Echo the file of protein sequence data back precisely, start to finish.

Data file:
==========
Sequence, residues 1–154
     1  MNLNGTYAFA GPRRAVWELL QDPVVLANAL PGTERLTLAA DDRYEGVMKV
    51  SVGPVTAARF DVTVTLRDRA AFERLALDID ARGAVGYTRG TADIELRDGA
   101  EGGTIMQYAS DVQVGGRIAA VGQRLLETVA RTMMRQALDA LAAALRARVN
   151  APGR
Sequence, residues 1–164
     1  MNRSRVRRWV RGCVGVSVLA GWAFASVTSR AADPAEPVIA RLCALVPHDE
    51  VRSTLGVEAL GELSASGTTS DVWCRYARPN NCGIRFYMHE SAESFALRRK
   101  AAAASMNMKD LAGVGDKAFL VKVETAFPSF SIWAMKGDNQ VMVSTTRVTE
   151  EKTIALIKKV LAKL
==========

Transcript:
Sequence, residues 1–154
     1  MNLNGTYAFA GPRRAVWELL QDPVVLANAL PGTERLTLAA DDRYEGVMKV
    51  SVGPVTAARF DVTVTLRDRA AFERLALDID ARGAVGYTRG TADIELRDGA
   101  EGGTIMQYAS DVQVGGRIAA VGQRLLETVA RTMMRQALDA LAAALRARVN
   151  APGR
Sequence, residues 1–164
     1  MNRSRVRRWV RGCVGVSVLA GWAFASVTSR AADPAEPVIA RLCALVPHDE
    51  VRSTLGVEAL GELSASGTTS DVWCRYARPN NCGIRFYMHE SAESFALRRK
   101  AAAASMNMKD LAGVGDKAFL VKVETAFPSF SIWAMKGDNQ VMVSTTRVTE
   151  EKTIALIKKV LAKL